The second issue regarding the Notice of Withdrawal has to do with the number of parties thereto. This is relevant because it goes without saying that an application can only be withdrawn by the party who made or filed it in the first place.

It will be recalled that the Court has already narrated the great difficulties that it had to identify the number of parties to the Application to Discharge Permission. As it is, there being no clarification on the issue, the question regarding the competence of the 1st, 2nd, 3rd, 4th and 6th Defendants respectively to be party to the withdrawal of the Application to Discharge Permission will linger on.

Analysis and Determination

An interlocutory injunction is a temporary and exceptional remedy which is available before the rights of the parties have been finally determined. Order 10, r. 27, of the CPR provides that the Court may grant an injunction by an interlocutory order when it appears to the Court that (a) there is a serious question to be tried, (b) damages may not be an adequate remedy and (c) it shall be just to do so.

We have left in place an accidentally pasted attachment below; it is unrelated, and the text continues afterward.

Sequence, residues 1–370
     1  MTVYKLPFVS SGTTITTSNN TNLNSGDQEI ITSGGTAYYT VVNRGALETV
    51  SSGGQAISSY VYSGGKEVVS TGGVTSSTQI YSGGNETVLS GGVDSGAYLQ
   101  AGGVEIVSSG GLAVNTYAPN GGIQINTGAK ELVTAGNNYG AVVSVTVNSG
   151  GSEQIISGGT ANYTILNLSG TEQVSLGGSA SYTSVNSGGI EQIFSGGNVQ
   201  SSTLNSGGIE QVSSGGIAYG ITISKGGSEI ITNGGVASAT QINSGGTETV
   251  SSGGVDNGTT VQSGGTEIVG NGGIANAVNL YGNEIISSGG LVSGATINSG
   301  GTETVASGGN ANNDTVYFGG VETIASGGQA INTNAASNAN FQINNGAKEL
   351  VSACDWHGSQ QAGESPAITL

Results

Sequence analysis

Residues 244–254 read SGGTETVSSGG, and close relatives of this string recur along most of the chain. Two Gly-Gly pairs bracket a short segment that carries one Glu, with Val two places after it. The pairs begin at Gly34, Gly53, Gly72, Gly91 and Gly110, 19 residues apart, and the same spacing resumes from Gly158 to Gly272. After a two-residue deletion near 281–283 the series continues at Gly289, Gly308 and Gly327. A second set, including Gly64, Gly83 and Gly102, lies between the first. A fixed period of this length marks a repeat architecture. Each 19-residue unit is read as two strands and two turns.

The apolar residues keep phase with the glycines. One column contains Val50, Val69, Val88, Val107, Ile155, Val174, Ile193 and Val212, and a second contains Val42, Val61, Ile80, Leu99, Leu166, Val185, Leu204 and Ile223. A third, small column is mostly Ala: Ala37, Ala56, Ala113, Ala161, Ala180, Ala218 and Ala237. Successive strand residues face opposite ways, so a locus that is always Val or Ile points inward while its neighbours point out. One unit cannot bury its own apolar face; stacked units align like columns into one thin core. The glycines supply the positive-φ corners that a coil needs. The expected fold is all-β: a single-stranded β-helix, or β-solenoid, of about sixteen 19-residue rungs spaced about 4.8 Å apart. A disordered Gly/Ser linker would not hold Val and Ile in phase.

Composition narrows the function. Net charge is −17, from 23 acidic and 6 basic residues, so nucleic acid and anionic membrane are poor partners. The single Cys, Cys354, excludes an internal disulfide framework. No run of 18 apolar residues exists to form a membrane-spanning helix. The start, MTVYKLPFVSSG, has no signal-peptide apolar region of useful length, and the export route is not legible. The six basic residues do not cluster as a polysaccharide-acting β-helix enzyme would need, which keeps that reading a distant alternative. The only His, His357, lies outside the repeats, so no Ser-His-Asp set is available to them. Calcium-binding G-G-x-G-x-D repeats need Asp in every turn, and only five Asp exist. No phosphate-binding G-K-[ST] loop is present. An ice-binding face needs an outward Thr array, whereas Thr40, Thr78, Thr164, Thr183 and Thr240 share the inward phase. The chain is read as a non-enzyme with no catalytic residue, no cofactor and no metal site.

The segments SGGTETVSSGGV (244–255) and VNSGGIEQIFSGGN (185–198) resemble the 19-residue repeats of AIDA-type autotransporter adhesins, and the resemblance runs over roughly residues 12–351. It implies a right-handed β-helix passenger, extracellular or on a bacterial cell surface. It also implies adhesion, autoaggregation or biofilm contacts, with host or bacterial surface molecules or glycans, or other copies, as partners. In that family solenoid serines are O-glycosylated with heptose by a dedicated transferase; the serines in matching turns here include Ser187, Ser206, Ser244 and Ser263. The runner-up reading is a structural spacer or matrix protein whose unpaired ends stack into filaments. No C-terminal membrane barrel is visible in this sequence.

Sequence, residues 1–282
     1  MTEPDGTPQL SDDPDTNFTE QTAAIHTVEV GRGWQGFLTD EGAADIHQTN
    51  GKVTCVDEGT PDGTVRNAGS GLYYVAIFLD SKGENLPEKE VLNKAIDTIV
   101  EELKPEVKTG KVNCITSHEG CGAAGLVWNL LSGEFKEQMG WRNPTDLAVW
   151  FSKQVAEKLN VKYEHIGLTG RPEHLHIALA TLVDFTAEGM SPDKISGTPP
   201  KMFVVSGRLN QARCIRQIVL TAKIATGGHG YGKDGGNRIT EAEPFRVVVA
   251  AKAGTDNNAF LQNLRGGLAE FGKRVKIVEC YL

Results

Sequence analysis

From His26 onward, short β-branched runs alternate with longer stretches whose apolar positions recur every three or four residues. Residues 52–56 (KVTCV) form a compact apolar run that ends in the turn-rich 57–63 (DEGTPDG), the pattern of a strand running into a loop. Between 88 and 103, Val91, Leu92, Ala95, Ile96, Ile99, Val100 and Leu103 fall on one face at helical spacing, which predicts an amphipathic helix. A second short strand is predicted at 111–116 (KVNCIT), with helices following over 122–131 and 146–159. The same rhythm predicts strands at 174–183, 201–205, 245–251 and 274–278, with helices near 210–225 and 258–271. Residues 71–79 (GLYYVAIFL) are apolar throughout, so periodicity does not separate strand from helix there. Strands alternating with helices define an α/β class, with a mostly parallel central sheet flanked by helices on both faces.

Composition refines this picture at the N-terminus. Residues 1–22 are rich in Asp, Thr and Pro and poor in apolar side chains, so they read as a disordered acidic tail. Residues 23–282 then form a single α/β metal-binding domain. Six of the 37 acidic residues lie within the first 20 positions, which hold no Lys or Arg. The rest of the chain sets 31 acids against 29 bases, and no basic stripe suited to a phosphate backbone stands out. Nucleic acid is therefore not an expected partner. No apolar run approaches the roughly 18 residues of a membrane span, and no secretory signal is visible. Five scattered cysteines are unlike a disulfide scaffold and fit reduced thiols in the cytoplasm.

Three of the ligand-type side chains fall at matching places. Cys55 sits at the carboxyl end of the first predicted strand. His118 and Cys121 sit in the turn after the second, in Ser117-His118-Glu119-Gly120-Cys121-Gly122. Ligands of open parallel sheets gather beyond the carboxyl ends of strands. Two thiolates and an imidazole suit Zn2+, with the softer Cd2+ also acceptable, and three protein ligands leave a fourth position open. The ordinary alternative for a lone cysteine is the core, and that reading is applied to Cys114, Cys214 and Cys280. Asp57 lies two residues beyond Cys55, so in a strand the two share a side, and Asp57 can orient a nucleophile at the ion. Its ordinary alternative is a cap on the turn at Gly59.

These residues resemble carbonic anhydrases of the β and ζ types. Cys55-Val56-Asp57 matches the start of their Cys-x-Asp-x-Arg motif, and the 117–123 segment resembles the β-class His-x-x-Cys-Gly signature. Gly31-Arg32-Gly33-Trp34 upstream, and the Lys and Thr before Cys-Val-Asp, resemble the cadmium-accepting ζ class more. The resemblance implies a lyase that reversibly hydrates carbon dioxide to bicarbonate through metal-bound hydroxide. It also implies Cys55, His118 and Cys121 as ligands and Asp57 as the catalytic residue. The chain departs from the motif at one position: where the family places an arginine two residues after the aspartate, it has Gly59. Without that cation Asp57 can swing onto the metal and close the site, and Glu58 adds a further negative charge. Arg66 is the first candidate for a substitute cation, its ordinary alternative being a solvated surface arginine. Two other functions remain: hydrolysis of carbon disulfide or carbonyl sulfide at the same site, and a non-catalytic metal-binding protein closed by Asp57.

Having carefully read and considered the sworn statements and the submissions by Counsel, it is very clear to me that there are serious questions in this matter to be tried which cannot simply be disposed of at this stage.

Firstly, the Claimants asserts that the decision by the 2nd Defendant to declare a lockdown amounts to a defacto state of emergency. They contend that (a) the lockdown abrogates from the rights contained in Chapter IV of the Constitution and (b) the decision is illegal and unconstitutional in light of the dictates of sections 44 and 45 of the Constitution. In this regard, the issue is whether the 2nd Defendant can declare a lockdown without the attendant declaration of state of emergency being declared?